News Release

Impeachment in Perspective

WASHINGTON — As the nation considers the future of the Clinton presidency, some legal scholars and policy analysts are putting the Starr report in a broader context of governmental wrongdoing. Among those available for comment:

FRANCIS BOYLE
Professor of Law at the University of Illinois College of Law, Boyle said: “The impeachment clause is meant to deal with crimes against the state, subverting the Republic. Starr has not yet presented evidence of such a threat to the Republic. This is not to say that there is no reason to impeach Clinton. There are grounds for impeachment — for example, the illegal bombings of Sudan and Afghanistan, which violated both domestic and international law, including the U.S. Constitution.” Boyle added: “Our system of government was in jeopardy in the Reagan Iran-Contra scandal.” The White House had “basically set up an underground government. But no one really made an effort to impeach Reagan over that — though documents show that Reagan and his people were concerned about impeachment.”

PETER KORNBLUH
Kornbluh is a Senior Analyst at the National Security Archive, a public-interest foreign policy documentation center and the leading repository of information on the Iran-Contra scandal. “Iran-Contra was really about high crimes and misdemeanors of a constitutional nature, while this is about personal lives,” said Kornbluh. “The Iran-Contra investigation was done by the book. Lawrence Walsh, the independent counsel for Iran-Contra, showed each portion of the report dealing with each individual to that person and they had the opportunity to respond; their response was included in the report itself. Several went to court trying to block the report from coming out. The press coverage of the Walsh report, which had much more substance, was minimal. Recall that Bush gave pardons to Caspar Weinberger and others involved in Iran-Contra just as he was leaving office. Some people are asking: ‘What do you tell your children about what Clinton is accused of?’ Well, what do you tell them about My Lai, about the U.S.-backed coup in Chile, about the massacres in El Salvador?”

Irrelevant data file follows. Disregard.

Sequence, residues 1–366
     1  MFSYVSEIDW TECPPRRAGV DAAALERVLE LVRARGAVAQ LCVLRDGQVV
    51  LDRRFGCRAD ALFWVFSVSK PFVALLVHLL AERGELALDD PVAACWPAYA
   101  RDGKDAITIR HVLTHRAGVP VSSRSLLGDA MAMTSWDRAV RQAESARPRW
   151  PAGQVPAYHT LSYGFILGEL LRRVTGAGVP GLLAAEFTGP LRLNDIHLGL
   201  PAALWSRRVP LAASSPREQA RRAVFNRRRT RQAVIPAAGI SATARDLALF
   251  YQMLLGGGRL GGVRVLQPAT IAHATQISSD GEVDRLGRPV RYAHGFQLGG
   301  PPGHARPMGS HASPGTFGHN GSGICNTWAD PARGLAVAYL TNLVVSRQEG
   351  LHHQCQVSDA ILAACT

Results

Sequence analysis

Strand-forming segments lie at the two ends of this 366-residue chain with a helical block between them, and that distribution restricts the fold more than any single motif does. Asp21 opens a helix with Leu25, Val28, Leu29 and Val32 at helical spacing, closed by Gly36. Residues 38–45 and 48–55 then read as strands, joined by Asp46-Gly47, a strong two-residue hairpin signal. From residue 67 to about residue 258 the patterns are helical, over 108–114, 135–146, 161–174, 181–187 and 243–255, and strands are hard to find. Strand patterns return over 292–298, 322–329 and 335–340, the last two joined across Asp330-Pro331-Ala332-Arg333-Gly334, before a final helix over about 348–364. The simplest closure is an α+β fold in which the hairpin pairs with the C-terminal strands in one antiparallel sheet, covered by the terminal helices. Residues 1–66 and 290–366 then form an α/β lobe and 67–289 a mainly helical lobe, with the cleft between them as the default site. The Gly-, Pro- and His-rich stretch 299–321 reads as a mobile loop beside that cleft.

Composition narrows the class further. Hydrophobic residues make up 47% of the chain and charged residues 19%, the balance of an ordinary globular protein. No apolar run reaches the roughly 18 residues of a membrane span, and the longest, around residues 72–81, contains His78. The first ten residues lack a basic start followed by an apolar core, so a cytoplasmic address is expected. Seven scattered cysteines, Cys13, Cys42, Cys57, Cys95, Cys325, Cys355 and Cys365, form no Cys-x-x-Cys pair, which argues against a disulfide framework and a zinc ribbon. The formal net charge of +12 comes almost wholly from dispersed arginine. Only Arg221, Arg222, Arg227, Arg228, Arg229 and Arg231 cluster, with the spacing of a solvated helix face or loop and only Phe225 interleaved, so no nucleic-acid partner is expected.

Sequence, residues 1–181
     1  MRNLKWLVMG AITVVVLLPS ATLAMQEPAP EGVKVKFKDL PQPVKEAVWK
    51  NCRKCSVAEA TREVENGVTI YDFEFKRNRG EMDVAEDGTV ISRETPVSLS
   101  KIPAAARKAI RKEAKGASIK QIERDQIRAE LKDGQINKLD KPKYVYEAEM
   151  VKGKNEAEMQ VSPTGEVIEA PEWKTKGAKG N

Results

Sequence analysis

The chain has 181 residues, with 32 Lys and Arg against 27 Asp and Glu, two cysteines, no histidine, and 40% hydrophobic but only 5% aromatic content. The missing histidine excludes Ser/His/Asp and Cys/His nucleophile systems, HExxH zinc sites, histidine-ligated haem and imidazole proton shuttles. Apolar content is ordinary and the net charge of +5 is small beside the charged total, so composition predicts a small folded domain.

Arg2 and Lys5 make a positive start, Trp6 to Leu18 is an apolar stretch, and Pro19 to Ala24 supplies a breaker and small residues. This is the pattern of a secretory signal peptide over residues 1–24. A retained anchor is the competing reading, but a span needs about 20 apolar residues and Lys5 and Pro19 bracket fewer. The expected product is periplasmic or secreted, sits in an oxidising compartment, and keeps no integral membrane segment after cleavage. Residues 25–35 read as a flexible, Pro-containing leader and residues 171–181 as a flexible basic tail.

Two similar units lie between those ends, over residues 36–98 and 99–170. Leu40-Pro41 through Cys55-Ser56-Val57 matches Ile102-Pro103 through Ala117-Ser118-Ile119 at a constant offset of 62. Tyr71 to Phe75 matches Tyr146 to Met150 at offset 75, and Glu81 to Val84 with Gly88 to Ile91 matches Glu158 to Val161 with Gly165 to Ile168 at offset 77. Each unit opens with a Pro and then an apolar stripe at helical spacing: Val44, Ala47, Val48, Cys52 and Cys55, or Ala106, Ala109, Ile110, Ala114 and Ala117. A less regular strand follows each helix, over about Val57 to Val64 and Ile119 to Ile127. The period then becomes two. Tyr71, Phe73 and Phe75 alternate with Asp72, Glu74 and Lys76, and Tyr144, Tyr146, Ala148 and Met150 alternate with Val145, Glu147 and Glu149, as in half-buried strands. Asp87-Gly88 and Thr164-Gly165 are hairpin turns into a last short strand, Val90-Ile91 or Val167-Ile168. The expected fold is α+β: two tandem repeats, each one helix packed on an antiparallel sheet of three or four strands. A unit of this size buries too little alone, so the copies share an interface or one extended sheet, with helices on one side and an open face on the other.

JULES LOBEL
A Professor of Constitutional and International Law at the University of Pittsburgh who has litigated cases involving government misconduct for the Center for Constitutional Rights, Lobel said: “What Clinton is being charged with by Starr is not impeachable. We have to look at the larger problem of government lying, from Reagan to Bush to Clinton. We have gotten used to the government lying to and disinforming us. Most recently, they lied on the Sudan bombing. They said they had compelling evidence that did not pan out. The larger problem is government morality in how it treats the people. For example, what are the moral implications of cutting off welfare?”

For more information, contact Sam Husseini at the Institute for Public Accuracy, (202) 347-0020.